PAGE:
Perinatal mortality associated with induction of labour versus expectant management in nulliparous women aged 35 years or over: An English national cohort study.


Knight, HE; Cromwell, DA; Gurol-Urganci, I; Harron, K; van der Meulen, JH; Smith, GCS; (2017) Perinatal mortality associated with induction of labour versus expectant management in nulliparous women aged 35 years or over: An English national cohort study. PLoS medicine, 14 (11). e1002425. ISSN 1549-1277 DOI: https://doi.org/10.1371/journal.pmed.1002425

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Abstract

A recent randomised controlled trial (RCT) demonstrated that induction of labour at 39 weeks of gestational age has no short-term adverse effect on the mother or infant among nulliparous women aged ≥35 years. However, the trial was underpowered to address the effect of routine induction of labour on the risk of perinatal death. We aimed to determine the association between induction of labour at ≥39 weeks and the risk of perinatal mortality among nulliparous women aged ≥35 years. We used English Hospital Episode Statistics (HES) data collected between April 2009 and March 2014 to compare perinatal mortality between induction of labour at 39, 40, and 41 weeks of gestation and expectant management (continuation of pregnancy to either spontaneous labour, induction of labour, or caesarean section at a later gestation). Analysis was by multivariable Poisson regression with adjustment for maternal characteristics and pregnancy-related conditions. Among the cohort of 77,327 nulliparous women aged 35 to 50 years delivering a singleton infant, 33.1% had labour induced: these women tended to be older and more likely to have medical complications of pregnancy, and the infants were more likely to be small for gestational age. Induction of labour at 40 weeks (compared with expectant management) was associated with a lower risk of in-hospital perinatal death (0.08% versus 0.26%; adjusted risk ratio [adjRR] 0.33; 95% CI 0.13-0.80, P = 0.015) and meconium aspiration syndrome (0.44% versus 0.86%; adjRR 0.52; 95% CI 0.35-0.78, P = 0.002). Induction at 40 weeks was also associated with a slightly increased risk of instrumental vaginal delivery (adjRR 1.06; 95% CI 1.01-1.11, P = 0.020) and emergency caesarean section (adjRR 1.05; 95% CI 1.01-1.09, P = 0.019). The number needed to treat (NNT) analysis indicated that 562 (95% CI 366-1,210) inductions of labour at 40 weeks would be required to prevent 1 perinatal death. Limitations of the study include the reliance on observational data in which gestational age is recorded in weeks rather than days. There is also the potential for unmeasured confounders and under-recording of induction of labour or perinatal death in the dataset. Bringing forward the routine offer of induction of labour from the current recommendation of 41-42 weeks to 40 weeks of gestation in nulliparous women aged ≥35 years may reduce overall rates of perinatal death.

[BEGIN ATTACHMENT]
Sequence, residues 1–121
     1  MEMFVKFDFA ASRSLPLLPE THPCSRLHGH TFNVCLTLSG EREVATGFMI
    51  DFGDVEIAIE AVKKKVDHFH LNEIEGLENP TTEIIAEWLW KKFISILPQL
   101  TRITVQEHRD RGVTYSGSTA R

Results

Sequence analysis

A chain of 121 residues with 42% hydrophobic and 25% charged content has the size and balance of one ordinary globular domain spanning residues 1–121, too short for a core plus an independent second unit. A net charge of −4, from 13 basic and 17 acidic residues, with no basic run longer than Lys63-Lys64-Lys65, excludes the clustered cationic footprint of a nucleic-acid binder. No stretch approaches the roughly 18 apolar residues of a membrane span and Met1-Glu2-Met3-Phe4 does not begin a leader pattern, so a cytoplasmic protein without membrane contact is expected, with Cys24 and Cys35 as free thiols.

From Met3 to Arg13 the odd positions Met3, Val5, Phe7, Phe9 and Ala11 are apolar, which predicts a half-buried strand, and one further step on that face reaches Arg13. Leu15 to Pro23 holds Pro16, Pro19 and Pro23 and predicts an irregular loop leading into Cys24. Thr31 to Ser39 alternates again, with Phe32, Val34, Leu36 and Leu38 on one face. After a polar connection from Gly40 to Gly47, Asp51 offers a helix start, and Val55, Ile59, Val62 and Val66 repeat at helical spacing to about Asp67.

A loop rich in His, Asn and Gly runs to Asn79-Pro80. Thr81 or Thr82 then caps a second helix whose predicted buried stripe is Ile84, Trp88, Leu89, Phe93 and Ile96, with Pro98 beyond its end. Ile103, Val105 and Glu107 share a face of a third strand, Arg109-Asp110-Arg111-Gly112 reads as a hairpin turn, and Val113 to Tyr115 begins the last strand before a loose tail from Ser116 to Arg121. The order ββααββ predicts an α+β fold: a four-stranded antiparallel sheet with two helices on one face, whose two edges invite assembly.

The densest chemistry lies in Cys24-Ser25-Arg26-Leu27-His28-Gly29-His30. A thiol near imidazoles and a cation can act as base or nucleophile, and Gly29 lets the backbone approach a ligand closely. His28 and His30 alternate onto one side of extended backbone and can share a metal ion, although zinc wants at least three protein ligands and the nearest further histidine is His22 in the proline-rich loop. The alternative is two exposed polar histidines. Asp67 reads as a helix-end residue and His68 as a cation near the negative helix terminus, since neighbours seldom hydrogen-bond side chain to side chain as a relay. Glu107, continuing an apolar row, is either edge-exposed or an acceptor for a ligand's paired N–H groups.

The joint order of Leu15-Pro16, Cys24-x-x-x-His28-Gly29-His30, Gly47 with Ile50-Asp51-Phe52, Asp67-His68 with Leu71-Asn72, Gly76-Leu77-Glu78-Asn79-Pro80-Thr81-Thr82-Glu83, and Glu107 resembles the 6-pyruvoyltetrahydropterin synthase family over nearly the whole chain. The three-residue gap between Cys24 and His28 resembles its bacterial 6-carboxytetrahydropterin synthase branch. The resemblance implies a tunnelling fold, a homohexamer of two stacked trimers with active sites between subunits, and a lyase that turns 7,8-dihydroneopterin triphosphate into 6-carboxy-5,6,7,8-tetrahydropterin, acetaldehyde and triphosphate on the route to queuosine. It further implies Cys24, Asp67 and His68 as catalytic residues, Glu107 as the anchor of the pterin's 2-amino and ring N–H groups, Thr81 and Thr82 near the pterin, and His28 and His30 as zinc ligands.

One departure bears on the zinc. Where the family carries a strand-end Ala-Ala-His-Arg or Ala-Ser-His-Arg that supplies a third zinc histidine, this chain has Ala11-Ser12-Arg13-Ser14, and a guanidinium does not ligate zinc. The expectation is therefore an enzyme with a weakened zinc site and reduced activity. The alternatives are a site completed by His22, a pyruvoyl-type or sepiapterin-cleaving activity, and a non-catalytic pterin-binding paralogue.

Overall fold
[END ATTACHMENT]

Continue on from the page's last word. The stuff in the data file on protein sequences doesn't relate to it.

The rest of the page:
Item Type: Article
Faculty and Department: Faculty of Public Health and Policy > Dept of Health Services Research and Policy
PubMed ID: 29136007
URI: http://researchonline.lshtm.ac.uk/id/eprint/4645682

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